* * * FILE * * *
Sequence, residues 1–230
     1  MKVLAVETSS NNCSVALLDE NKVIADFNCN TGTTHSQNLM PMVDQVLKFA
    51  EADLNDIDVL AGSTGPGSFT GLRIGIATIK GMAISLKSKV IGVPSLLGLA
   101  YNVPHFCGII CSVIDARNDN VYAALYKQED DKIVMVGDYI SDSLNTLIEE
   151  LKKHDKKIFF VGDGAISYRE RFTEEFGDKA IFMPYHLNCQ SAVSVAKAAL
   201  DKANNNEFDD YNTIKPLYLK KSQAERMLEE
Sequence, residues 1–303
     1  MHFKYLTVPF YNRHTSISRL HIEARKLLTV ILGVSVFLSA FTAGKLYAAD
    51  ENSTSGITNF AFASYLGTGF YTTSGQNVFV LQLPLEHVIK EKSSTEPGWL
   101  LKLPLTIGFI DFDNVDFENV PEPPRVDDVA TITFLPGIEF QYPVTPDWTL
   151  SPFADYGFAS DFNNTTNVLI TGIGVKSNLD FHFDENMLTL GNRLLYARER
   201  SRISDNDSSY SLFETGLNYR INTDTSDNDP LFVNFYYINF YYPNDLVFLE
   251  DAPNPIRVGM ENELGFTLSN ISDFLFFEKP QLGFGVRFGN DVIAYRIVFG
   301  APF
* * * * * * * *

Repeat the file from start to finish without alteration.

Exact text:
Sequence, residues 1–230
     1  MKVLAVETSS NNCSVALLDE NKVIADFNCN TGTTHSQNLM PMVDQVLKFA
    51  EADLNDIDVL AGSTGPGSFT GLRIGIATIK GMAISLKSKV IGVPSLLGLA
   101  YNVPHFCGII CSVIDARNDN VYAALYKQED DKIVMVGDYI SDSLNTLIEE
   151  LKKHDKKIFF VGDGAISYRE RFTEEFGDKA IFMPYHLNCQ SAVSVAKAAL
   201  DKANNNEFDD YNTIKPLYLK KSQAERMLEE
Sequence, residues 1–303
     1  MHFKYLTVPF YNRHTSISRL HIEARKLLTV ILGVSVFLSA FTAGKLYAAD
    51  ENSTSGITNF AFASYLGTGF YTTSGQNVFV LQLPLEHVIK EKSSTEPGWL
   101  LKLPLTIGFI DFDNVDFENV PEPPRVDDVA TITFLPGIEF QYPVTPDWTL
   151  SPFADYGFAS DFNNTTNVLI TGIGVKSNLD FHFDENMLTL GNRLLYARER
   201  SRISDNDSSY SLFETGLNYR INTDTSDNDP LFVNFYYINF YYPNDLVFLE
   251  DAPNPIRVGM ENELGFTLSN ISDFLFFEKP QLGFGVRFGN DVIAYRIVFG
   301  APF